3. § Nick Fitzsimons:

    I’ve been dithering over three other ideas for BarCamp, but I reckon I’ll give this one a go. Come to think of it, I was discussing this very topic with a few people after the WSG meetup last month, so maybe there’s some demand :-)

  4. § Dustin Diaz:

    I’ve even gone as far as to hit up a proxy file between xml files and my callback using simplexml to receive json objects. It’s just easier to get the data you need that way.

  5. § Chris Heilmann:

    There’s a rather cool converter from XML to JSON: Badgerfish.

    The only danger of JSON is when you don’t filter for data exclusively and cannot trust the source (Yahoo is pretty safe). You can use Doug Crockford’s JSON parser though to avoid that problem.

  6. § Chris Winters:

    I think introducing E4X would help a lot with this—it seems to bridge the gap nicely.

    E4X Spec

    On wikipedia

  7. § Bram Stein:

    I’ve written such an XSLT file as described by Nick Fitzsimons some months ago. You can find it on my website:
    It only works with XSLT 2 though. If you need an XSLT 1, have a look at Alan Lewis’s stylesheet:

  8. § Brian:

    I used to be in the JSON camp but now that I have been getting down to the nitty gritty of my AJAX framework, its looking like JSON means well in data transport but just isn’t as robust as XML when you get down to it. The beauty of XML is that you can define rules as to exactly how the data must be put together and parsed using a DTD. Embedding HTML or just various text into a JSON object is a pain because you have to ensure that everything is properly escaped, and if not, have fun debugging eval’d code. With XML, it’s as simple as defining the data within any given element as non-parsable data. Also, you ensure data integrity by validating against a DTD. The sad part is that as of now, IE is the only browser capable of validating on the fly.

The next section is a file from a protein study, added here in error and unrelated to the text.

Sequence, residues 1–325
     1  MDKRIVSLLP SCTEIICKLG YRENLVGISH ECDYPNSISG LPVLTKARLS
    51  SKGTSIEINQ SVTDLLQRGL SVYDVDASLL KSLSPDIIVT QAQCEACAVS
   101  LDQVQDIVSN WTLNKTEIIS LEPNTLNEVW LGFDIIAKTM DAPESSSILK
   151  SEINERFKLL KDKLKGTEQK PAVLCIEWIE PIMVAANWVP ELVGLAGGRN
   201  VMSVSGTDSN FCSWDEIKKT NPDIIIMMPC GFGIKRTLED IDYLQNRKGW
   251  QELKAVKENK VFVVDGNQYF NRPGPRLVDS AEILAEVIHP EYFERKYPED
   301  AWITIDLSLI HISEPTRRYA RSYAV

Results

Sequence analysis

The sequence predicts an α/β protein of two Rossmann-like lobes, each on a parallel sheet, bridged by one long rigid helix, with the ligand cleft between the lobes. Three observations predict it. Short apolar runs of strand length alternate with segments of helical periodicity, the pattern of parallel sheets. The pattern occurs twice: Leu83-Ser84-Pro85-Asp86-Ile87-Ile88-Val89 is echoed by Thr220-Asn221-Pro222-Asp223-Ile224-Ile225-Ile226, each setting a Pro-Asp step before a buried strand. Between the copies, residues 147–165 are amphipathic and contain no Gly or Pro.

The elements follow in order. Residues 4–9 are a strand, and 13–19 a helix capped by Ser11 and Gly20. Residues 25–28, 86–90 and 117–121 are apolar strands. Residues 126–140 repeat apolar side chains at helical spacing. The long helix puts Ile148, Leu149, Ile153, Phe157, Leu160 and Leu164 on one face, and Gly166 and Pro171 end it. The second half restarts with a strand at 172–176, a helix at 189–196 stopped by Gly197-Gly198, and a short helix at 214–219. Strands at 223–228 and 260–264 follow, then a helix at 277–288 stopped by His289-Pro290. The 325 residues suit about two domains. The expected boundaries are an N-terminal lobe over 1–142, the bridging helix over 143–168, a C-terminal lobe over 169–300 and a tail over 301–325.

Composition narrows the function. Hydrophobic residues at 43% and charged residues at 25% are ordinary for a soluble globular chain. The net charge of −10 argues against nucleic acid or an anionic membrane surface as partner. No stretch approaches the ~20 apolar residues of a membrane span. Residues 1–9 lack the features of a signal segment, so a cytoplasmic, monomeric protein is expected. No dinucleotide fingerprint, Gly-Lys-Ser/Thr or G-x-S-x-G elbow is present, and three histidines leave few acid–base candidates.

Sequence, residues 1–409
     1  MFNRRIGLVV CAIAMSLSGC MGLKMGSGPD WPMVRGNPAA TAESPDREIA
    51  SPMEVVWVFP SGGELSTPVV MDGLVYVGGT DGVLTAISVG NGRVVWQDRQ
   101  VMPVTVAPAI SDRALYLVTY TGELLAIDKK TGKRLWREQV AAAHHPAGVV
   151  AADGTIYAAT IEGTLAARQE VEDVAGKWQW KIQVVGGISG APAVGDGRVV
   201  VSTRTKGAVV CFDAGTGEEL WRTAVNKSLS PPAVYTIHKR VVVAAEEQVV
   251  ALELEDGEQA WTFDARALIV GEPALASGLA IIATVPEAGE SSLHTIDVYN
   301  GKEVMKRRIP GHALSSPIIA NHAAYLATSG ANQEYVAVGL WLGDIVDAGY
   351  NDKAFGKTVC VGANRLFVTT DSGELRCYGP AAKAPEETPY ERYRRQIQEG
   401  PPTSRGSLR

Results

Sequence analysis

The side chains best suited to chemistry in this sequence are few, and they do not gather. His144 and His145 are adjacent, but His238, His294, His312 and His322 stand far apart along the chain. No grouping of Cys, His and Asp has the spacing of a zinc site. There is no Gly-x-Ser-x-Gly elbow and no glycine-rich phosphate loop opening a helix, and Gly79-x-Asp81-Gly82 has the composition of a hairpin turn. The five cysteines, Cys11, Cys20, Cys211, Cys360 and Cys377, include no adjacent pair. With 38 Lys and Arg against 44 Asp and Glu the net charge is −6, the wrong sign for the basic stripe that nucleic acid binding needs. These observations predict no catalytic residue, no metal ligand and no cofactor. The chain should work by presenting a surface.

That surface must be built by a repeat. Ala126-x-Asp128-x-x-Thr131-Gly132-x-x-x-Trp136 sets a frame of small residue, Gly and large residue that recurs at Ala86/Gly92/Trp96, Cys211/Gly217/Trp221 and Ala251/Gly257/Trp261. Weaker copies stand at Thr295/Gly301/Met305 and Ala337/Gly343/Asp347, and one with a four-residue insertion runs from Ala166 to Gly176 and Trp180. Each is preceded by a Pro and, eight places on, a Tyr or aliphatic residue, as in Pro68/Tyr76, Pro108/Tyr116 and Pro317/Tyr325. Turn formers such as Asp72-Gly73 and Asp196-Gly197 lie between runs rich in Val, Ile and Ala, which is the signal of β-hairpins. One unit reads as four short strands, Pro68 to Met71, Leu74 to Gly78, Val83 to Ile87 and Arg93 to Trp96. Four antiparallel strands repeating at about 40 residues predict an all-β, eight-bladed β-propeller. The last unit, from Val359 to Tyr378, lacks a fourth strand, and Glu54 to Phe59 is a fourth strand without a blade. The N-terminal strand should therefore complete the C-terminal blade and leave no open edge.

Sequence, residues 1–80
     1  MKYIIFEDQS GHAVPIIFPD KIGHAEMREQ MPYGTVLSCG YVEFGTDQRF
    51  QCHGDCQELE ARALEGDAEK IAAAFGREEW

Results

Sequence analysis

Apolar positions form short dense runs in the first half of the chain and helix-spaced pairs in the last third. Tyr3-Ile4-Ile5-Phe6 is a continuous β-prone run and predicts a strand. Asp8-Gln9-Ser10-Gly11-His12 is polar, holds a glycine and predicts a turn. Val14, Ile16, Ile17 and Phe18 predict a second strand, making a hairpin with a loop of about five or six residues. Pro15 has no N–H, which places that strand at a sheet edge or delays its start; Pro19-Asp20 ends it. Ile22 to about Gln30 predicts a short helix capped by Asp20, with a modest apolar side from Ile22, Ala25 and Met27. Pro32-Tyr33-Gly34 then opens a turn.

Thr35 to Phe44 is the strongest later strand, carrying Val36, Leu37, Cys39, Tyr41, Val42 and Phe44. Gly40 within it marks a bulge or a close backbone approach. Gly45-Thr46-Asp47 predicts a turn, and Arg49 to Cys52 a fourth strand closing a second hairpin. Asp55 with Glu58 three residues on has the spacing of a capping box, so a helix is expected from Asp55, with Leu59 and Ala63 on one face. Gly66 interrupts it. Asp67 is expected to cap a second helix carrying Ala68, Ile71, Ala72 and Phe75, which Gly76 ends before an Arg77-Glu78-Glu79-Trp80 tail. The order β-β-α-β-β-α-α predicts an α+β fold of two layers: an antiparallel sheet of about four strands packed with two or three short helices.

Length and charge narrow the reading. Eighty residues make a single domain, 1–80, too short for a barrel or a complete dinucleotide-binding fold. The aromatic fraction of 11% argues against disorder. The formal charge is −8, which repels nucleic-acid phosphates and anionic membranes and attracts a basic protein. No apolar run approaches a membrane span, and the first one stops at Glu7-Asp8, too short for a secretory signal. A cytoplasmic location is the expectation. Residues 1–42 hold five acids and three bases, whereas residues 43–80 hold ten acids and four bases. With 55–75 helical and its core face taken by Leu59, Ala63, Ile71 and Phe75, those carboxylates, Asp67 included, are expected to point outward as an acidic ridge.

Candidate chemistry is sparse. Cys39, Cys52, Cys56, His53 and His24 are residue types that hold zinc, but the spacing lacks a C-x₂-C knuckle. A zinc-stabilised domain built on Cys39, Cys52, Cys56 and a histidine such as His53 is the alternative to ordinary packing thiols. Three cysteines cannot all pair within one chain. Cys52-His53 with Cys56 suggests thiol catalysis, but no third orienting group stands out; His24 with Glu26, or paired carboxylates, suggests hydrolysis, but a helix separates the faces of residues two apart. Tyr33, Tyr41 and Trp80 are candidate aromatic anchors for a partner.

In the end though, they both have their place. JSON is suitable if you want to whip out a nice and simple project, but I think for more robust solutions XML is the way to go.


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About Drew McLellan

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Drew McLellan (@drewm) has been hacking on the web since around 1996 following an unfortunate incident with a margarine tub. Since then he’s spread himself between both front- and back-end development projects, and now is Director and Senior Web Developer at in Maidenhead, UK (GEO: 51.5217, -0.7177). Prior to this, Drew was a Web Developer for Yahoo!, and before that primarily worked as a technical lead within design and branding agencies for clients such as Nissan, Goodyear Dunlop, Siemens/Bosch, Cadburys, ICI Dulux and Somewhere along the way, Drew managed to get himself embroiled with Dreamweaver and was made an early Macromedia Evangelist for that product. This lead to book deals, public appearances, fame, glory, and his eventual downfall.

Picking himself up again, Drew is now a strong advocate for best practises, and stood as Group Lead for The Web Standards Project 2006-08. He has had articles published by A List Apart, Adobe, and O’Reilly Media’s, mostly due to mistaken identity. Drew is a proponent of the lower-case semantic web, and is currently expending energies in the direction of the microformats movement, with particular interests in making parsers an off-the-shelf commodity and developing simple UI conventions. He writes here at all in the head and, with a little help from his friends, at 24 ways.